In Daydreams of Angels, O’Neill’s first collection of short stories, she gives free reign to her imaginative gifts. In “The Ugly Ducklings,” generations of Nureyev clones live out their lives in a grand Soviet experiment. In “Dear Piglet,” a teenaged cult follower writes a letter to explain the motivation behind her crime. And in another tale, a grandmother reveals where babies come from: the beach, where young mothers-to-be hunt for infants in the surf. Each of these beguiling stories twists the beloved narratives of childhood—fairy tales, storybooks, Bible stories—to uncover the deepest truths of family life.
What We Choose to Remember features a cast of more than 30 characters, whose families arrived in successive waves of immigration. The oldest families arrived during the period of ‘two solitudes’ when Montreal’s population was more than 50% English. They share firsthand accounts decades of political upheaval. The most recent immigrants arrived believing linguistic conflicts were ancient history.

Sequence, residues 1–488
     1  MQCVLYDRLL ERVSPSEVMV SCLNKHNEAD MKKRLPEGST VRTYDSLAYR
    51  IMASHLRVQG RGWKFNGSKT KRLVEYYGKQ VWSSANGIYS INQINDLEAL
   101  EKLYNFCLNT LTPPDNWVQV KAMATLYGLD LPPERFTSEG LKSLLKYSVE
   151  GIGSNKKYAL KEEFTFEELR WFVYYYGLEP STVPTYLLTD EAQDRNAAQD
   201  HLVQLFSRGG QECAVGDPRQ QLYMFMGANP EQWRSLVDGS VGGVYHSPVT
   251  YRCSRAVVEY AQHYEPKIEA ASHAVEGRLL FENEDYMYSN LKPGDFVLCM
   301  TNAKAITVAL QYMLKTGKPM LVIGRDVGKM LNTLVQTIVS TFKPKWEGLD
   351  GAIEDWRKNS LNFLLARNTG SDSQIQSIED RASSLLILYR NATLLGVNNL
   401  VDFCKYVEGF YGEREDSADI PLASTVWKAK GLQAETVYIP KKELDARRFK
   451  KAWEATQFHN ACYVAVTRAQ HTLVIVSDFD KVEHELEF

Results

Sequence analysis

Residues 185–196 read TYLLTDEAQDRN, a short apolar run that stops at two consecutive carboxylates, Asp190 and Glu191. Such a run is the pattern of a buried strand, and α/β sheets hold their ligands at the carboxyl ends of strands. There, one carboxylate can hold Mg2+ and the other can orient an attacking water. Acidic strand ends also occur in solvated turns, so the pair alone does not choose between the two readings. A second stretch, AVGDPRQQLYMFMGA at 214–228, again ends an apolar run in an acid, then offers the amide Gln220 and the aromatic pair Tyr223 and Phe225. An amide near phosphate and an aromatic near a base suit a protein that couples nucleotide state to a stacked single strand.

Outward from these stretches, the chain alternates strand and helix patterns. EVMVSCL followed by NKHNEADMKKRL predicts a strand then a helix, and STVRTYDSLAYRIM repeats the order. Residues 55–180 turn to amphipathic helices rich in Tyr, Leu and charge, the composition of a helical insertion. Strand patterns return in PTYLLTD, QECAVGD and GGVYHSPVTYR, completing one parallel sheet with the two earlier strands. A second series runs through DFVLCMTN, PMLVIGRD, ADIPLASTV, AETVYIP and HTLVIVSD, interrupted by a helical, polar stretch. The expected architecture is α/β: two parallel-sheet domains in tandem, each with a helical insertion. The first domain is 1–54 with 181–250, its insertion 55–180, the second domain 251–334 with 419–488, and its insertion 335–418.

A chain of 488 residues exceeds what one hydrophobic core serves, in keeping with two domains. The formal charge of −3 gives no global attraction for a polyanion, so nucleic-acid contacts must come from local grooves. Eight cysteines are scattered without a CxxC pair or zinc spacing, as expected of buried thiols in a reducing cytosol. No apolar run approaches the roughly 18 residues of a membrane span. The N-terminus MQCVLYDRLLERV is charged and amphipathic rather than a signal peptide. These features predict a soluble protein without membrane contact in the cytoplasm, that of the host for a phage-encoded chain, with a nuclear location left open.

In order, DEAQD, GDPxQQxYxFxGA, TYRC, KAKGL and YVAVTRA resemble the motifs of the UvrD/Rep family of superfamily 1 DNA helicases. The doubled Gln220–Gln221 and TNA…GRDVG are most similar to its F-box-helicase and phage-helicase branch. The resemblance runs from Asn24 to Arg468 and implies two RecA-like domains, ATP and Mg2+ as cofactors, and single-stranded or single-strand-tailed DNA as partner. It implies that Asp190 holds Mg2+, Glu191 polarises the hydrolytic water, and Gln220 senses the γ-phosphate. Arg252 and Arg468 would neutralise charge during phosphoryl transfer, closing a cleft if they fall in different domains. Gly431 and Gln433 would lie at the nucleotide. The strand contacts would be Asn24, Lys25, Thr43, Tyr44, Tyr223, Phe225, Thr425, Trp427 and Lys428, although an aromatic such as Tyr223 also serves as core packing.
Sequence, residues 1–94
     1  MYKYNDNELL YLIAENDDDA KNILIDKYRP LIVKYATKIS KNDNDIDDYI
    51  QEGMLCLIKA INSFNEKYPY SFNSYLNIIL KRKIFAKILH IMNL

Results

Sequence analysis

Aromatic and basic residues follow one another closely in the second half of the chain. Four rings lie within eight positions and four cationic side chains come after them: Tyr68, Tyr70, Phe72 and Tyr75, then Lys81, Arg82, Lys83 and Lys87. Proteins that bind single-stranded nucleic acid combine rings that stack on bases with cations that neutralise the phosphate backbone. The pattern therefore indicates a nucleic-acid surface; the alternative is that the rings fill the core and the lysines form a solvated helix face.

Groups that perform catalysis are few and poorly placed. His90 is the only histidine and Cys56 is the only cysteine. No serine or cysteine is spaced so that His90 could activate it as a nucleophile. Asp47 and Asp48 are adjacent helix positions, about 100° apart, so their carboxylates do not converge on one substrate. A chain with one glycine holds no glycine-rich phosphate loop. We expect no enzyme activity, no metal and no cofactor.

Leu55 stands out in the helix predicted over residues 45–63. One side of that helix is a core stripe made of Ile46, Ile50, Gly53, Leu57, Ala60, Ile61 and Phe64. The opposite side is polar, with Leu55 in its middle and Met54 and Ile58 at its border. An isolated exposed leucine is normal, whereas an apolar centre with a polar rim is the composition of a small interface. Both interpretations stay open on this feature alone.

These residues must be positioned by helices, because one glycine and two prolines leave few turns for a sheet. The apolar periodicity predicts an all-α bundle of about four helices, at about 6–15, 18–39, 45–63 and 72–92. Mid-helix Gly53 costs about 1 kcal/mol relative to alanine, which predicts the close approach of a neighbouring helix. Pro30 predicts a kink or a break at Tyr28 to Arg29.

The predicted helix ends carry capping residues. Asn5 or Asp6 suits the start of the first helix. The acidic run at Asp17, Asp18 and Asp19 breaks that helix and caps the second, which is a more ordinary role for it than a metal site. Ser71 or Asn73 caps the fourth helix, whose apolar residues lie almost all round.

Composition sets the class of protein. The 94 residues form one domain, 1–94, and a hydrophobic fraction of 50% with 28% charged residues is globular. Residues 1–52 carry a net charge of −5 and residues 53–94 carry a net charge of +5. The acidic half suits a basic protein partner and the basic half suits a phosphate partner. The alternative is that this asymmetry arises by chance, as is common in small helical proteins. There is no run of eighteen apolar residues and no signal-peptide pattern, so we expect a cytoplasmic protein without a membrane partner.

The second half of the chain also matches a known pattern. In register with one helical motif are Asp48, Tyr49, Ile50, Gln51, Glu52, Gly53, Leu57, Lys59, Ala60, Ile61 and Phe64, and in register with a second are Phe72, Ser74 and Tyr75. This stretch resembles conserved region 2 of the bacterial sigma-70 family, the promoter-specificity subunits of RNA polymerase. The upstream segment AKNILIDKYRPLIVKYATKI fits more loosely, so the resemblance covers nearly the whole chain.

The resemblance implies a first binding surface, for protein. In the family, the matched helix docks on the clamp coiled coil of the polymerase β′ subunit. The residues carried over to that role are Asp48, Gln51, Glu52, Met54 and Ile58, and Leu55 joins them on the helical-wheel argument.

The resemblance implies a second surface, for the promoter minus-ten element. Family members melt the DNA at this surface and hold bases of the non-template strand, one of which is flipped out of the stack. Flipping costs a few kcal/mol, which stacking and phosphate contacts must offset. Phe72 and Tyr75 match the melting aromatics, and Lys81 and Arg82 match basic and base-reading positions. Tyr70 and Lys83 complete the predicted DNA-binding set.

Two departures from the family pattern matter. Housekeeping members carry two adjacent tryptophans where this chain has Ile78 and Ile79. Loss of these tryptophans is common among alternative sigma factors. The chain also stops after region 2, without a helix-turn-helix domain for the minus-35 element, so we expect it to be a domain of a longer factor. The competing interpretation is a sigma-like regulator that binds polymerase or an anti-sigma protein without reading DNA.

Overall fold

Our story takes place on the Indigenous lands of the Kanien’kehá:ka (Mohawk) nation of the Haudenosaunee Confederacy. Tiotià:ke (known as Montréal) has existed as a meeting place of many First Nation peoples, including but not limited to the Abenaki , Anishinaabeg (Algonquin), and the Huron-Wendat. We extend our deepest respect to the elders of these nations and to all Indigenous peoples who carry the history of this island’s land and waters. We also call upon all levels of government to adopt and implement the 94 recommendations of the Truth and Reconciliation commission.